More Colors Than Crayola

Family. The brushstrokes of the stories of our lives.

I think much of mine has been finger painted. Or possibly spray painted.

But it’s rich with color. And really interesting people.

I’ve been in Chicago this past weekend with two of my daughters, my sisters and mom. To celebrate daughter Courtney’s upcoming wedding with a shower.

We really got together for the stories.unnamed

Pictures and photo albums from the early 1900’s were brought out and perused with laughter, questions and attempts at identification.

I saw, for the first time, a picture of my mom’s folks together. Grandpa died when Mom was three, so there aren’t many pictures of him. He came over from Czechoslovakia and opened a bakery on the south side of Chicago. Then brought Granny and their first two children over.

I heard about my Uncle Frank, a soldier in World War 1 who came home to become a policeman. I saw pictures of him as a young man, grinning, with a gleam in his eye and a gal on each arm. He was killed in the line of duty when, having captured a criminal, the man managed to wrestle his gun from him and shot him with it.

I discovered that, a year after losing her oldest living son, her husband died of a ruptured appendix.

I remember Granny being a stern woman. Her smiles came infrequently. I’ve a better understanding of how hard her life had been.

There’s a picture of Mom and Granny standing in front of their bakery the year Grandpa died. Chicago Lawn Bakery. How difficult it had to have been for both of them. Mom lost her father and has no clear memory of him. Granny lost her husband and partner and had to run the business with the help of her older children. Mom would sit in the corner, often eating cookies, watching and waiting for her family to finish unnamed-4work for the day. They all worked. She wasn’t quite four.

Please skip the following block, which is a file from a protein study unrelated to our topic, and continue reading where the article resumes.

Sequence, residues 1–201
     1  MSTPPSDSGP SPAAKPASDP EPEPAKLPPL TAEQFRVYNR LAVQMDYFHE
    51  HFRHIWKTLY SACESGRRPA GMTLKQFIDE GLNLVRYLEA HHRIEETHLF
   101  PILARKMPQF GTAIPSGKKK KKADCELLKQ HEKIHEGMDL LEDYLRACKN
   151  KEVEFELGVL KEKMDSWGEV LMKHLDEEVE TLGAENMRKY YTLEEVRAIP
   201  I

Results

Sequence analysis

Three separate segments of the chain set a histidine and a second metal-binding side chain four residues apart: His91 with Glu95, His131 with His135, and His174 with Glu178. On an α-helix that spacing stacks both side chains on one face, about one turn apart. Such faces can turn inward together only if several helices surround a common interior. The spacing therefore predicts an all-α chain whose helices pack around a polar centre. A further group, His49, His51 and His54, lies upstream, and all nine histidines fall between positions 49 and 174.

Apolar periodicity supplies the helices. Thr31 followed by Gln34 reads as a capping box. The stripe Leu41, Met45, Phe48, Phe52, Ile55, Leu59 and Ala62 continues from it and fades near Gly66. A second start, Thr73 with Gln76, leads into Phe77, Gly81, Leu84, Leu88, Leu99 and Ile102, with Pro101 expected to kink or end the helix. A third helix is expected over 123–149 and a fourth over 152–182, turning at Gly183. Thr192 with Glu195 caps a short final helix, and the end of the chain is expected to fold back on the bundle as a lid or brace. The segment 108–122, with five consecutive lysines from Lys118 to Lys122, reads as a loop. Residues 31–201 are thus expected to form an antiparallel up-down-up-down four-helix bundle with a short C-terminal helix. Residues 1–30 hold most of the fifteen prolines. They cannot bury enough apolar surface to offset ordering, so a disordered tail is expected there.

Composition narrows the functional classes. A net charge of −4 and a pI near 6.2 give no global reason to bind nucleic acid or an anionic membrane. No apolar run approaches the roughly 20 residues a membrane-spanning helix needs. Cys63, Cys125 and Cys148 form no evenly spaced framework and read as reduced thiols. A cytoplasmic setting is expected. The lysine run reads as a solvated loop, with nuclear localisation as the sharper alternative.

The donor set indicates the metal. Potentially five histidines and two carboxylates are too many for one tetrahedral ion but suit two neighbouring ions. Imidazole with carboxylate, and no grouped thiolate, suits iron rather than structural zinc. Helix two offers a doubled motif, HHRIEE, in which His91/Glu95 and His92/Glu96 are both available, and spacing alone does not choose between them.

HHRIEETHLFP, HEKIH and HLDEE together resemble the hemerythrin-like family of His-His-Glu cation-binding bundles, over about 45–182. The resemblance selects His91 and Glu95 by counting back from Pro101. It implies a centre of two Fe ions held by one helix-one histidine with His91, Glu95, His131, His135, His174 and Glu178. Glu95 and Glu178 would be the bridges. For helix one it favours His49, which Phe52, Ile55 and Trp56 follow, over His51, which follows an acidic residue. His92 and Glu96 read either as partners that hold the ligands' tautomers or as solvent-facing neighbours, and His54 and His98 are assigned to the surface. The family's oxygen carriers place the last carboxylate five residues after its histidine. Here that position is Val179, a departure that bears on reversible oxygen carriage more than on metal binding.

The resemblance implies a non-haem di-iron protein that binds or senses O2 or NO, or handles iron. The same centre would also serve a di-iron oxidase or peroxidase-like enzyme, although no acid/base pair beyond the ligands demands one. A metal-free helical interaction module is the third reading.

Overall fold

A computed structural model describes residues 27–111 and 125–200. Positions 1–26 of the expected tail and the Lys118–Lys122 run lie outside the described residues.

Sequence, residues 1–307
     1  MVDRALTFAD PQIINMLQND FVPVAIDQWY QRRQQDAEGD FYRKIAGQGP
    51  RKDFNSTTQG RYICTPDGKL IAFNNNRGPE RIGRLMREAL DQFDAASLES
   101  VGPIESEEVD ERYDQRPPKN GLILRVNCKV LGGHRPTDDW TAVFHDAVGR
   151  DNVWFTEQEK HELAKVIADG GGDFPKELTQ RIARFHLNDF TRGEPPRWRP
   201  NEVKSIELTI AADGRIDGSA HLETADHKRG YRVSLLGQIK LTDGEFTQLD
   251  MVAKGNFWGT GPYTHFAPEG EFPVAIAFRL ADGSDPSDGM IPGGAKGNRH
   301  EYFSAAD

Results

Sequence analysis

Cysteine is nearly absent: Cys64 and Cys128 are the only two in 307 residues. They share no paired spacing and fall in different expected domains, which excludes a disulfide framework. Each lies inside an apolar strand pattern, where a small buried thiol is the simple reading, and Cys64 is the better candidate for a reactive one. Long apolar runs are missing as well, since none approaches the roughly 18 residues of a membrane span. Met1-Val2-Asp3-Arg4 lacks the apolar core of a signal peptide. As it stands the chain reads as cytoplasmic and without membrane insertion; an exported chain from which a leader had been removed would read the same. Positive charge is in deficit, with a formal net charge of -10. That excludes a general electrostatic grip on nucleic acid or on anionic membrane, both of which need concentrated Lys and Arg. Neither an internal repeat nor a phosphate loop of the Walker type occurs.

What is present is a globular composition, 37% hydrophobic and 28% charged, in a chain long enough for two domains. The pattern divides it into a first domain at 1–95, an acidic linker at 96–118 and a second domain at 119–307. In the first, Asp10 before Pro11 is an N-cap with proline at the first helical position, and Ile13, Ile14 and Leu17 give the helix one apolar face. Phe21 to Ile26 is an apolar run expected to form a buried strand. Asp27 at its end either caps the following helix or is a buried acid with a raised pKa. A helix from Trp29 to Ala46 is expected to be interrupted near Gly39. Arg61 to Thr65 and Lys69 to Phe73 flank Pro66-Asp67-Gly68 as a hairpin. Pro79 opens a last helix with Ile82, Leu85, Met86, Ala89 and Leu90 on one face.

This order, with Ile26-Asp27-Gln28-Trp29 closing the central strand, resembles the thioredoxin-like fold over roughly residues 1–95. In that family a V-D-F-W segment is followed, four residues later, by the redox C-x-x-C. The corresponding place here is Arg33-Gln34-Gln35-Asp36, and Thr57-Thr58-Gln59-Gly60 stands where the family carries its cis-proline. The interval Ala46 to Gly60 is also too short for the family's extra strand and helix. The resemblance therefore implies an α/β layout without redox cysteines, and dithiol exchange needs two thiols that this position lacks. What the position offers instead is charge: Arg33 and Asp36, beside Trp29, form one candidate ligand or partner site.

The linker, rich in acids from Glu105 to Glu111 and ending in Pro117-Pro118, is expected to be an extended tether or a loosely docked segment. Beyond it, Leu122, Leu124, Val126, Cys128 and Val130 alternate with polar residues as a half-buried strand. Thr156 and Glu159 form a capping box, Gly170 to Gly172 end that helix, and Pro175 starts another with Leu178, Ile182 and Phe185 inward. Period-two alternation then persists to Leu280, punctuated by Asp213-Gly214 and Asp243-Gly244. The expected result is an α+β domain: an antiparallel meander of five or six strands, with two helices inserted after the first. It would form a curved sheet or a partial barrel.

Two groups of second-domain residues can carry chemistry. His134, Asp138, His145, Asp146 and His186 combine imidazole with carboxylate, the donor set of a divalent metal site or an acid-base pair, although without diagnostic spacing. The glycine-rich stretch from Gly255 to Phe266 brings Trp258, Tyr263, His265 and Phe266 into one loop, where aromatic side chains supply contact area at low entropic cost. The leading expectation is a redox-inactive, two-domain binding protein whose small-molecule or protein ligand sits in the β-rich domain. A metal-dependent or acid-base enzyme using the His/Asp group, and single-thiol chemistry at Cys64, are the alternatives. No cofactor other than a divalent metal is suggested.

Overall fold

It was as if I’d been given puzzle pieces that I hadn’t known existed. Pictures that made me better understand Mom. And me and my siblings. A chance to appreciate a story that I don’t fully know.

What’s hard is that my lack of knowledge has led me down paths of criticalness. Where I’ve judged those I love unfairly. Based on circumstances and not the whole story. The rest of the story.

How unfair.

Knowing the extent of my story helps me recognize who I am and why I do things the unnamedway I do. The work ethic I was raised with–you finish and you finish well. Finding fun in small ways, like Mom teaching us to dance to show tunes. You choose fun.

We all want to know who we are. To know that our stories matter.

God knows me. And values me.

“You saw me before I was born. Every day of my life was recorded in Your book. Every moment was laid out before a single day had passed.”    Psalm 139:16

God knows the details of my life. Always has. The beginning, end and all the middle parts. In Him my story has value. Purpose.

That’s a whole new color I can add to my palette.






16 responses to “More Colors Than Crayola”

  1. We don’t get to choose the family we are born in to, but we can choose how we will live with that family. I am going for a week visit to see my parents. I go with a renewed desire to know and love them well. Thanks, friend, for the timely post!